The Necktie: Instrument of Destruction

The Origin of the Necktie1

Many years ago, I happened to glance at a book about inventions that changed history. It contained essays by different scholars (or I assume they were scholars—it was a long time ago, and I don’t even remember the name of the book), each arguing that some technology or other was the most influential.

I remember one essay talking about the plow, and one (I think) about hay. There may well have been one about nuclear weapons, space elevators, or computers, but maybe not—it was a very long time ago, and I’m not sure those things had been invented yet.

What, to my surprise, was not mentioned is the one invention that has influenced the course, not only of human events, but even of astronomical occurrences at least throughout our solar system.2

The deleterious physiological effects of the necktie are unequivocal and sufficiently documented even as early as mid-twentieth century.3 What is not so well known, and what I will focus on here, is the devastating and miasmic psychological influence of the necktie.

In fact, as I will detail in the next chapter, the necktie exaggerates and incites aggression, while at the same time reducing discipline. For example, the psychological influence of the necktie (recently introduced to France) was a major factor in the French defeat in the seven years war (1756-63). More recent and even more devastating, Dadaism was a direct product of the necktie, and its intentionally offensive characteristic shows many of the peculiar psychologically symptoms of acute grabatapsychosis.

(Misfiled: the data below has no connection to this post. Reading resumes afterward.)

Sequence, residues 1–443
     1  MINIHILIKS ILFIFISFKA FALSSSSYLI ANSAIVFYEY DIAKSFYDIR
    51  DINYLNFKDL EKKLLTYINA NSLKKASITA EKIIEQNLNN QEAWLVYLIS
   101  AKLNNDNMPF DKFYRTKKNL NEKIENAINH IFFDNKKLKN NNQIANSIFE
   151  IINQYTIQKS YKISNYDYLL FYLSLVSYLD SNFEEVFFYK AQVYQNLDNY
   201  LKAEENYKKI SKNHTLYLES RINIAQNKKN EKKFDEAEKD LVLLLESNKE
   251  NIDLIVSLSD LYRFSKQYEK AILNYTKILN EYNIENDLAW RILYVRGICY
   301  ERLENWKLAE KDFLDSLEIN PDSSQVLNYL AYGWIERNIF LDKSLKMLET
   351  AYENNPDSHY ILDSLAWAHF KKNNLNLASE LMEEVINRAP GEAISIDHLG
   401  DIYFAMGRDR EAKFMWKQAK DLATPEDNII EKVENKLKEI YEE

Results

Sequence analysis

1. Excerpt from Finley Harper’s A Short History of the Necktie: Death, Destruction, and Domination, Studies in Sartorial History (Boise: Three Tailors’ Press, 2014), 3-5.
  2. In “My Experiences on the Outer Planets,” (Xenophthalmological Review 79 (2009): 73-97) Farshad van Heck recounts in very moving terms his experiences with the necktie on Europa and Ganymede, and their influence on planetary motion. His telling analysis of the psychological perversion inherent in the wearing of the necktie is also very valuable.
  3. Among the first to expose the negative physiological effects was Georgia Bradley, Why the Necktie is Bad, Awful, and Restrictive of Blood Flow to the Brain (Chicago: Rosegarden Press, 1959). More recently Jorge Limón (“Doughnut Eaters and the Optic Nerve,” 113th General Meeting of the American Society for Buddhist Nanobiology (1997), 89-257), and André Cunha Gomes (“Is the Necktie a Fomite for the Transmission of Acquired Infections?” Australian Journal of Fashion and Disease Transmission 68 (2003): 34-54) have provided significant clarification.

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